Skip to main content

John of Caramola, Bl.


Cistercian brother, ascetic; b. Toulouse, France; d. Sagittario, Italy, Aug. 26, 1339. John was a native of the city of Toulouse, but he led the austere life of a hermit for several years in the remote wilderness on Mt. Caramola in Lucania, Italy. During the whole period of Lent, he allowed himself bread sufficient for only one small meal. He lived in close communion with God and was reputedly endowed with the gift of prophecy. Because of a severe illness during a very cold winter, he went to the cistercian monastery of Santa Maria of Sagittario at Chiaramonte to seek assistance. There he continued his austere penitential practices as a lay brother. His diet consisted of small amounts of bread and water; his bed was so small that he could not lie in a normal position. The monks testified that they never saw him sleeping. He edified his confreres by his observance of silence; contemplation was his great occupation. After his death many miracles were attributed to his intercession: e.g., the infirm were cured by touching his incorrupt body, which led to his popular veneration.

Feast: Aug. 26.

Bibliography: Acta Sanctorum August 5:854862. Bibliotheca hagiographica latina antiquae ct mediae aetatis, 2 v. (Brussels 18981901; suppl. 1911) 1:4369. a. m. zimmermann, Kalendarium Benedictinum: Die Heiligen und Seligen des Benediktinerorderns und seiner Zweige, 4 v. (Metten 193338) 2:625626. s. lenssen, Hagiologium cisterciense, 2 v. (Tilburg 194849; suppl.1951) 1:194. f. ughelli, Italia sacra, ed. n. coleti, 10 v. in 9 (2d ed. Venice 171722) 7:9193.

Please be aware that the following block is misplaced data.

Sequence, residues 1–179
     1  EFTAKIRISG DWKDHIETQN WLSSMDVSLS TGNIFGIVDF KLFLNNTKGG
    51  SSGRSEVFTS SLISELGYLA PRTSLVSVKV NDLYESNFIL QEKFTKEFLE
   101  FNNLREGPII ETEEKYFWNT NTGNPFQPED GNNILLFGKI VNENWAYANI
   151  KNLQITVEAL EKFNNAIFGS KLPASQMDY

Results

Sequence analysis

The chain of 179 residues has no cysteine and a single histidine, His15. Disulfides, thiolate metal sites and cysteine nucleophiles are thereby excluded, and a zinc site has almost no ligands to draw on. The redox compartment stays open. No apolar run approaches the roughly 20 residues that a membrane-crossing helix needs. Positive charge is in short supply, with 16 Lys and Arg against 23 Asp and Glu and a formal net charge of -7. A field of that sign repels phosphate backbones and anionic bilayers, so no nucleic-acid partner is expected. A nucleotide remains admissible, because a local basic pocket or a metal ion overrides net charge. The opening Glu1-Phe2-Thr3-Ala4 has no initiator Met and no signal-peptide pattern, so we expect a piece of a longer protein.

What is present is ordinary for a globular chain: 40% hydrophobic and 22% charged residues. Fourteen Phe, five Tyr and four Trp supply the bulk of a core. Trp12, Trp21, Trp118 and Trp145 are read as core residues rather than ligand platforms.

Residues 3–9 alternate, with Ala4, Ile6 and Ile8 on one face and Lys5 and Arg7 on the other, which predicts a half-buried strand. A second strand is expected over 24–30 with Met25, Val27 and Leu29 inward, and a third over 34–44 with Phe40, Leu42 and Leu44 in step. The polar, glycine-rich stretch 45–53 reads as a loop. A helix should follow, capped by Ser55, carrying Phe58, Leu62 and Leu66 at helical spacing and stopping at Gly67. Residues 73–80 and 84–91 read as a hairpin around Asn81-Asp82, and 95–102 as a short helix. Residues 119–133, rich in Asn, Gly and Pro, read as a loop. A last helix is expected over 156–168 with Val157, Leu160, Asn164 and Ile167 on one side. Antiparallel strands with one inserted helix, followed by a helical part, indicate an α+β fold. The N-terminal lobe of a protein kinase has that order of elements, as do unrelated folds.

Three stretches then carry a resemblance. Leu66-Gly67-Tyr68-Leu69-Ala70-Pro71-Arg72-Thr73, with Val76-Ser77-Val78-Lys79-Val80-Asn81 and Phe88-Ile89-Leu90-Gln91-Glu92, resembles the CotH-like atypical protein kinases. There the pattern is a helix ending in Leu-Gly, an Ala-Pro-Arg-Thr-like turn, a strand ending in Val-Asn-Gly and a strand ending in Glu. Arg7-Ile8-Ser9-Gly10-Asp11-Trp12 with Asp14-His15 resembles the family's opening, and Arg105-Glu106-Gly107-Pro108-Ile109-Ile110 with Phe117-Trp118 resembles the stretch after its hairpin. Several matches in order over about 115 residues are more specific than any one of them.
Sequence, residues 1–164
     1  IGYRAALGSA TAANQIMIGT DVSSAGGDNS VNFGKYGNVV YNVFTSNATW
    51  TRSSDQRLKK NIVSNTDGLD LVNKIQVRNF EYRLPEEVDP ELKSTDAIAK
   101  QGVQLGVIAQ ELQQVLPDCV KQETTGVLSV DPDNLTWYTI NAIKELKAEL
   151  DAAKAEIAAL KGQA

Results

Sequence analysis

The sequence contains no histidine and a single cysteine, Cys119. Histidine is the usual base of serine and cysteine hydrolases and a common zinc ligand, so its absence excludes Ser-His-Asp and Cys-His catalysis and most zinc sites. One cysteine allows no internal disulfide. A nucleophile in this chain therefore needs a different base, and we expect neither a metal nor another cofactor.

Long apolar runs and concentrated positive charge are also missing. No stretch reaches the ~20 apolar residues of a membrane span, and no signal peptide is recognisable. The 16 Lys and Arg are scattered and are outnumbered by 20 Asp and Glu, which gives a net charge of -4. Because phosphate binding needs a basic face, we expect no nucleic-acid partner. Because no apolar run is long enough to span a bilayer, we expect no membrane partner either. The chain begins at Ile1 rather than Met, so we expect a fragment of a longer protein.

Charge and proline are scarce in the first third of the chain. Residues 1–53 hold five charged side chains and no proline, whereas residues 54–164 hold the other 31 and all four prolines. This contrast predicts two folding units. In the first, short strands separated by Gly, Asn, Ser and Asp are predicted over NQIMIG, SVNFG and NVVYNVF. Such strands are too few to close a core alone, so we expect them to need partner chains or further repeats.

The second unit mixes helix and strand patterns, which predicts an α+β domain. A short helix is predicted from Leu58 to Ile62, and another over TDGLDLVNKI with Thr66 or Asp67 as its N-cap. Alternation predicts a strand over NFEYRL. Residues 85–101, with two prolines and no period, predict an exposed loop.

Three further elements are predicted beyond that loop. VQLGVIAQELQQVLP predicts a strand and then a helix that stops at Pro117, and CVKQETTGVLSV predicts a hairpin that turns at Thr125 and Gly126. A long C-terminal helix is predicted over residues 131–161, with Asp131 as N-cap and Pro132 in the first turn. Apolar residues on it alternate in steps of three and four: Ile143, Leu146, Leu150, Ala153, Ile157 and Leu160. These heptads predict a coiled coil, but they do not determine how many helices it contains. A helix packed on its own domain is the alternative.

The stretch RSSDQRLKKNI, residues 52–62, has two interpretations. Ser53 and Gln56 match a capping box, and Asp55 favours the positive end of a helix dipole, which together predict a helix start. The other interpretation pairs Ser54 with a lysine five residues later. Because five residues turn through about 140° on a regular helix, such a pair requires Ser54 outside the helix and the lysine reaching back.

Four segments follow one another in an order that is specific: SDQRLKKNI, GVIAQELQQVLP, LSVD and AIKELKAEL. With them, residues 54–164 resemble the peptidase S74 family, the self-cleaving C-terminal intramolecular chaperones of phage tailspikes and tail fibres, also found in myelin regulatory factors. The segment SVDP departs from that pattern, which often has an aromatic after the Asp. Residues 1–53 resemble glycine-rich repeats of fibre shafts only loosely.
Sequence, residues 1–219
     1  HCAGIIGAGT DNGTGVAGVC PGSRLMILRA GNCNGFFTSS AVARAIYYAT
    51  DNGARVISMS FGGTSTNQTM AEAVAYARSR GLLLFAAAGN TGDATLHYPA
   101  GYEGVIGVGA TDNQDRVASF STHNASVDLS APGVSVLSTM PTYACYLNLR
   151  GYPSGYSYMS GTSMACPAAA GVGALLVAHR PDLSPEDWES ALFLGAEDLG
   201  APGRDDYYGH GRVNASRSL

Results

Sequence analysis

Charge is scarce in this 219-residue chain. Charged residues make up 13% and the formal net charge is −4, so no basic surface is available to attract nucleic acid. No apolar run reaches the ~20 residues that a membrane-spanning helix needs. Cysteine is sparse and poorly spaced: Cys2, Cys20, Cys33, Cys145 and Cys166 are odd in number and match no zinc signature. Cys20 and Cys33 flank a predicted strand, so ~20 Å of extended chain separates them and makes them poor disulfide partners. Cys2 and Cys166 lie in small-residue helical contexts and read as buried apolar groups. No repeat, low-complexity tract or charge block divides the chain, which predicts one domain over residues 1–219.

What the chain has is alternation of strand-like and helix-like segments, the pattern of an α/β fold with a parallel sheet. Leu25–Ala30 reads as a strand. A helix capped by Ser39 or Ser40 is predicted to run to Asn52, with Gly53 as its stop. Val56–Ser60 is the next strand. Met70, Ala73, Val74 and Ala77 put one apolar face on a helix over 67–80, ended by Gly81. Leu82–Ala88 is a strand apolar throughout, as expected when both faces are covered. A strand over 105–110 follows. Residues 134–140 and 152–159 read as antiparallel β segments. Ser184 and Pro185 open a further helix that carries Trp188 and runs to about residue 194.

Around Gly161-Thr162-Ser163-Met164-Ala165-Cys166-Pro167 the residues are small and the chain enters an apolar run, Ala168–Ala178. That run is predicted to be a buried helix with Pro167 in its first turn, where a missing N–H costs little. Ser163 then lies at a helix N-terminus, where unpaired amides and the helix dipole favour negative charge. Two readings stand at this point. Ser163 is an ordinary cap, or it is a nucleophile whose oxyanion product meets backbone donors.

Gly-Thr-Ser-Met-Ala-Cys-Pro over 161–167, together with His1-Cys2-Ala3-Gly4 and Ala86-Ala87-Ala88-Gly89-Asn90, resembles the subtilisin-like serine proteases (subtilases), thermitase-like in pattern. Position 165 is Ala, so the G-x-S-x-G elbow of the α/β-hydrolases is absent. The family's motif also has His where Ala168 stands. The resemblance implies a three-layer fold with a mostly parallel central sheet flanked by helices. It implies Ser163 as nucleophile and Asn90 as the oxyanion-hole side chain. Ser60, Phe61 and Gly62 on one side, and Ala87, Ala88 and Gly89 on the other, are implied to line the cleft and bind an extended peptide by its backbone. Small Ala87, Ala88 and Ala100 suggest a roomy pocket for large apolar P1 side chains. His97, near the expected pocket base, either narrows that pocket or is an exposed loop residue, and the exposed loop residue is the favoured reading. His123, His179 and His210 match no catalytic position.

[m. b. morris]

Cite this article
Pick a style below, and copy the text for your bibliography.

  • MLA
  • Chicago
  • APA

"John of Caramola, Bl.." New Catholic Encyclopedia. . 17 Jan. 2019 <>.

"John of Caramola, Bl.." New Catholic Encyclopedia. . (January 17, 2019).

"John of Caramola, Bl.." New Catholic Encyclopedia. . Retrieved January 17, 2019 from

Learn more about citation styles

Citation styles gives you the ability to cite reference entries and articles according to common styles from the Modern Language Association (MLA), The Chicago Manual of Style, and the American Psychological Association (APA).

Within the “Cite this article” tool, pick a style to see how all available information looks when formatted according to that style. Then, copy and paste the text into your bibliography or works cited list.

Because each style has its own formatting nuances that evolve over time and not all information is available for every reference entry or article, cannot guarantee each citation it generates. Therefore, it’s best to use citations as a starting point before checking the style against your school or publication’s requirements and the most-recent information available at these sites:

Modern Language Association

The Chicago Manual of Style

American Psychological Association

  • Most online reference entries and articles do not have page numbers. Therefore, that information is unavailable for most content. However, the date of retrieval is often important. Refer to each style’s convention regarding the best way to format page numbers and retrieval dates.
  • In addition to the MLA, Chicago, and APA styles, your school, university, publication, or institution may have its own requirements for citations. Therefore, be sure to refer to those guidelines when editing your bibliography or works cited list.